- Author: Betty Homer
During my teenage years, the head lifeguard at the pool that I volunteered at, used to bring a group of us teenagers to picnic and swim at Heather Farm in Walnut Creek each summer. As such, I have always associated Heather Farm with those memories, not realizing that Heather Farm also included a beautiful 6-acre garden, which I had the pleasure of visiting recently.
Like The Ruth Bancroft Garden that I blogged about recently (also in Walnut Creek, just minutes from The Gardens at Heather Farm), Heather Farm Park and The Gardens at Heather Farm were named after the original ranch located on the very site, and fancifully, the ranch owners' prized race horse, King Heather. There are 20+ gardens of varying sizes and themes in all, managed completely without the use of pesticides. To give you an idea as to what you should expect to see and experience, the following is a list of gardens/plots on site: The Ruth Howard Entrance Garden, Native Plant Garden, Diablo Ascent Garden, Tree Grove, Ash Tree Alley, Stroll Garden, Meadow Garden, Heritage Garden, Mother’s Garden, Black Pine Garden, Ward Garden, Cowden Rose Garden, Waterfall Garden, Rockery, Butterfly Garden, Mural Garden, Children’s Garden, Riparian Garden, Water Conservation Garden, Sensory Garden, and the Blue Star Memorial Garden.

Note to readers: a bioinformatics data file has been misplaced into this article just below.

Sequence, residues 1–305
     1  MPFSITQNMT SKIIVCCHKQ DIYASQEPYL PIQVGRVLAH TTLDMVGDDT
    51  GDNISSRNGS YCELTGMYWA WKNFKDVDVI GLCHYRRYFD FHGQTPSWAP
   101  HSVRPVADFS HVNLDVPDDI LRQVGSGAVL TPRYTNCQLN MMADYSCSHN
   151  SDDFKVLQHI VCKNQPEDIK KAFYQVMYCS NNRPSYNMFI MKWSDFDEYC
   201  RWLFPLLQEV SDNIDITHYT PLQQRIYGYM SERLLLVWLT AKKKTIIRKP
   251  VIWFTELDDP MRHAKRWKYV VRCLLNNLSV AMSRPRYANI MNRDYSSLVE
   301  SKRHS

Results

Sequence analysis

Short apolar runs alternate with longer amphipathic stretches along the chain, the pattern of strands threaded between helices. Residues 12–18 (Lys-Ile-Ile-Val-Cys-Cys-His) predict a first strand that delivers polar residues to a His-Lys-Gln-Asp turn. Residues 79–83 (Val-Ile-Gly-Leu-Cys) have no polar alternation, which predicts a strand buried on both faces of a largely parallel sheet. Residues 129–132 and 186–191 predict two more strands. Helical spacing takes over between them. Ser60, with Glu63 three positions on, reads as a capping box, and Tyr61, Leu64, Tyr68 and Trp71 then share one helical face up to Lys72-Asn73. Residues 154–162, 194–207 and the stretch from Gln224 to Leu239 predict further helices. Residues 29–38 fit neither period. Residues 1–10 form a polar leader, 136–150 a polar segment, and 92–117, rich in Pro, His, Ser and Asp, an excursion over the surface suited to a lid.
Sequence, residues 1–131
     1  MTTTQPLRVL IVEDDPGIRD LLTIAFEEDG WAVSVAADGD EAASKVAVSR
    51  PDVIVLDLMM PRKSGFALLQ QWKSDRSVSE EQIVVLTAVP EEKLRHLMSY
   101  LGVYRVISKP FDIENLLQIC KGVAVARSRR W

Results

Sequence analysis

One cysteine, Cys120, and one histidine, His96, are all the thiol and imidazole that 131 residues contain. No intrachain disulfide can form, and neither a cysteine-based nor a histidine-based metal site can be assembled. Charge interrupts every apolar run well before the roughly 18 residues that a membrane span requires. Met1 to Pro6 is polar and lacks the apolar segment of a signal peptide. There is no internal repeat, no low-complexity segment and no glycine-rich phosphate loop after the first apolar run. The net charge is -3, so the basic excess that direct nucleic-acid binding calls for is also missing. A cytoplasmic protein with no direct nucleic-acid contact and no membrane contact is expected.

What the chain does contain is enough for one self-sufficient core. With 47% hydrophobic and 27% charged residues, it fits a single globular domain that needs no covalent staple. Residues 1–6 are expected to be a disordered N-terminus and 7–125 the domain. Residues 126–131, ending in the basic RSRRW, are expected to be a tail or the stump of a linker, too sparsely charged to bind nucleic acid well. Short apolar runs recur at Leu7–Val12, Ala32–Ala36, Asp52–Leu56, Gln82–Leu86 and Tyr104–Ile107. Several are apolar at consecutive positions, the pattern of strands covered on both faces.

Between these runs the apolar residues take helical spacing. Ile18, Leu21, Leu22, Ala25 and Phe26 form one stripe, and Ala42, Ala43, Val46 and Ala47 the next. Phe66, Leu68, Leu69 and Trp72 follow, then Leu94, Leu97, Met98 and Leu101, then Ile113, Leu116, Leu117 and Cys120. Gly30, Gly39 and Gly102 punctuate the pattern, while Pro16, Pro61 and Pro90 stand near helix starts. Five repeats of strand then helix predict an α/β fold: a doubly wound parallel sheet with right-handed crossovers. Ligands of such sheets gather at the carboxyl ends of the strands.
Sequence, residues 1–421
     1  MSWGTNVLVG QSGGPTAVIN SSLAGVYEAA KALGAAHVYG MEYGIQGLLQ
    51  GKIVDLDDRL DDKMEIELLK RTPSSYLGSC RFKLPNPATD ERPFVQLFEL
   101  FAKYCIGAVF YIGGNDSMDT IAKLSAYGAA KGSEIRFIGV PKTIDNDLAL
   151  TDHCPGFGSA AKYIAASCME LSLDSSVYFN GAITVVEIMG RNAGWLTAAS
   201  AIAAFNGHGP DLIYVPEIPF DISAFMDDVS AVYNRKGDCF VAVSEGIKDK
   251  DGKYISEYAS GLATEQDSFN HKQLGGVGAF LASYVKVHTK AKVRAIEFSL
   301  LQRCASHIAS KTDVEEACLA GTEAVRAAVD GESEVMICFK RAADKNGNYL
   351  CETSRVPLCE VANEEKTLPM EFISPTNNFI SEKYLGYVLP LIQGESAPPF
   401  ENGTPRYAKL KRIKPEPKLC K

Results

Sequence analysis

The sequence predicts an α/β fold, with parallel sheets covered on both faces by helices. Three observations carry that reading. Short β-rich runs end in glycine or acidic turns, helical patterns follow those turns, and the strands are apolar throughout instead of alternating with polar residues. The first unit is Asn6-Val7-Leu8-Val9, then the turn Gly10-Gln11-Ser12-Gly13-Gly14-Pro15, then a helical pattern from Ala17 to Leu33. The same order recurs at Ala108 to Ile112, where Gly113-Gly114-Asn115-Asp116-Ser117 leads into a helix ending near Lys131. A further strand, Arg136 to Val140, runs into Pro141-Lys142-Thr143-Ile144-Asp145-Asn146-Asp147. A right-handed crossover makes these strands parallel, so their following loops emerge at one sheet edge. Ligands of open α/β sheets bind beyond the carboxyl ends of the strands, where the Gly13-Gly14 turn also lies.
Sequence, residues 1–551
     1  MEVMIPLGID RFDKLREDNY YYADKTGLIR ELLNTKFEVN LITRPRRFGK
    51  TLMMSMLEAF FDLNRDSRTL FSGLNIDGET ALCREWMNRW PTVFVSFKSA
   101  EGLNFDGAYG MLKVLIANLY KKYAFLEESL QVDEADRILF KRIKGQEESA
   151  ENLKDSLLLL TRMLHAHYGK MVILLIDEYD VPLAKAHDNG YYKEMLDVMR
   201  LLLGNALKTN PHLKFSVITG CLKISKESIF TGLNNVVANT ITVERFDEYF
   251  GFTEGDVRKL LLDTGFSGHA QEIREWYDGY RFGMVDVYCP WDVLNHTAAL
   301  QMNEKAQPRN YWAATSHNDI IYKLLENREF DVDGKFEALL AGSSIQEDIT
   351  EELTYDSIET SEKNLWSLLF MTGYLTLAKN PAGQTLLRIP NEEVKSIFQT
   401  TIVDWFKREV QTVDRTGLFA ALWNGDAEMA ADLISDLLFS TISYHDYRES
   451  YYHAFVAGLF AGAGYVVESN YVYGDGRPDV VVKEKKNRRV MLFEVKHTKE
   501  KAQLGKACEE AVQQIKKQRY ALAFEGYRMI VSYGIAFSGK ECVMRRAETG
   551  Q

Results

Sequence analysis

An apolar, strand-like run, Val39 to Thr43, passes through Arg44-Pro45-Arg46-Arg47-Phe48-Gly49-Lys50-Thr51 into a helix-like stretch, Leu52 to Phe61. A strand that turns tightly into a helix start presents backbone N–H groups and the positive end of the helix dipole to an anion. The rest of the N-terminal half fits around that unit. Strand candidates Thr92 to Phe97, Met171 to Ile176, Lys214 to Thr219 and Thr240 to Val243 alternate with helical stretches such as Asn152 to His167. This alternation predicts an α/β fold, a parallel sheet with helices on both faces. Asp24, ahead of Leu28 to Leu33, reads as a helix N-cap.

Some highlights of The Gardens include the very beautiful and showy Cowden Rose Garden that takes center stage the moment you enter The Gardens (Tip: now is a great time when everything is in bloom!). Equally beautiful, but more understated, is the shade garden. There is a section for California native plants, a tree grove, and a small patch which integrates edible plants with ornamentals—always one of my perennial favorites.
With how beautiful and well-maintained The Gardens is, it is hard to believe that the grounds are managed by a volunteer-based nonprofit employing a small part-time staff. It would seem that an army would be necessary to maintain the site as well as they do.
Now is a wonderful time to visit as most everything appears to be in bloom. So on one of those warm afternoons where you are at a loss for ideas of what to do, where to go, consider packing a picnic lunch and visiting The Gardens at Heather located at 1540 Marchbanks Drive, Walnut Creek, California. For more information, see http://gardenshf.org/.
- Author: Betty Homer
While running errands in Walnut Creek several years earlier, I drove past a seemingly large public garden nestled in a residential neighborhood, the location of which seemed oddly out of place to me at the time (it turns out that the garden’s location made perfect sense, for the reasons discussed herein). I learned that the name of this garden was, “The Ruth Bancroft Garden,” which caught my eye. Having graduated from UC Berkeley, the name "Bancroft" meant something, as it is the name of one of the major research libraries on campus as well a street that borders the south side of the university--turns out that this association was correct.